Updated: 8:15 p.m.
It took six years but the Bengals under Marvin Lewis finally drafted a tight end.
The Bengals' selection of Matt Sherry out of Villanova in the sixth round Sunday broke the dubious streak and gave position coach Jonathan Hayes his second addition this offseason. The Bengals signed Ben Utecht away from Indianapolis as a restricted free agent to join Reggie Kelly, Daniel Coats and Nate Lawrie as competitors for roster spots.
Sherry, 6-4, 255 pounds, led Villanova with 37 catches for 461 yards and five touchdowns last season as the Wildcats finished 7-4. He fits the blueprint Lewis changed over the offseason, which focused on big athletes that could catch and had the body to develop into a blocker instead of trying to find a blocker/receiver.
Sherry was not invited to the NFL Combine in February so the Bengals brought him in for a visit to do their own medical testing as well as interview and work him out.
"He had the opportunity to play in a postseason all-star game and showed very well," Lewis said. "It just felt like where we were he was a good fit. He's caught passes in an offense where he was a productive receiver. He has great speed for a guy who is almost 6-5 and still has a lot of growth left as a man."
The last tight end drafted by Cincinnati was Matt Schobel, taken in the third round of the 2002 draft. Schobel caught 90 passes for 938 yards and nine touchdowns in four seasons with the Bengals but he never quite fit the mold of a complete tight end that the Bengals have been seeking.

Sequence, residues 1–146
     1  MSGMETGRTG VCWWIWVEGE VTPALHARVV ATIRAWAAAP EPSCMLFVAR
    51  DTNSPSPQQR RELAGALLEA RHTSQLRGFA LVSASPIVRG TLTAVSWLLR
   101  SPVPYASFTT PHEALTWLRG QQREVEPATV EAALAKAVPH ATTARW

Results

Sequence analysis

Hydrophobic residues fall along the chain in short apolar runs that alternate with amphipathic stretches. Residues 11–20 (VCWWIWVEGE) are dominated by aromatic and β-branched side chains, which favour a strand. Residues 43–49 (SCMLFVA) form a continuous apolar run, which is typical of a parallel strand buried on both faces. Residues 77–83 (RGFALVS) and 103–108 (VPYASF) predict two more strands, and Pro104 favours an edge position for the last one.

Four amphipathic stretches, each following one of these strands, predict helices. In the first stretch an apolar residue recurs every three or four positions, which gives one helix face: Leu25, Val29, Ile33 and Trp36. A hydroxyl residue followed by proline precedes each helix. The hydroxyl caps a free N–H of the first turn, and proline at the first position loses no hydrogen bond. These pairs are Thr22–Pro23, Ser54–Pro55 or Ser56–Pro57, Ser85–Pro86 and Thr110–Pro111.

First and foremost, the tight end in the Cincinnati offense must be an effective blocker in the run game. That was why Kelly was one of the first free-agent signings under Lewis and why the Bengals re-signed him to a three-year deal prior to last season after quarterback Carson Palmer's public plea.
No Bengals tight end has caught more than 30 passes in a season since Tony McGee had 34 receptions in 1997. Schobel's 27 catches as a rookie are the most since.
Utecht comes to the Bengals with the reputation of being a solid receiver—he caught 68 passes in the past two seasons with the Colts—but he is a better blocker than many might expect coming from an offense that too often gets mislabeled as soft or too dependent on the passing game.
Coats played in 15 games last season for the Bengals after earning a roster spot as an undrafted rookie free agent. Lawrie spent most of the first half of last season on the practice squad before being signed to the 53-man roster.
"Too many times we look at guys and say, 'He's just not man enough to do that at the line, but he's a great receiver,' " said Lewis. "I kept saying that at some point we needed to take the plunge with a guy who has the big bones and will continue to grow and develop, and be a 270-pound guy that can run. As (Sherry) gets into a lifting program and the things you have when you get to this level, he's going to add 15 pounds that all these guys do as well as continuing to have the skills to be a down-the-field receiver."
After taking Sherry in the sixth round, the Bengals finished off the 2008 draft by staying close to home and taking University of Cincinnati pass rusher Angelo Craig and Louisville wide receiver Mario Urrutia with their two picks in the seventh round.
The 6-4, 252-pound Craig looks to be targeted as a defensive end in a 4-3. The 6-5, 232-pound Urrutia caught 35 balls for 501 yards this past year in which he missed two games with turf toe.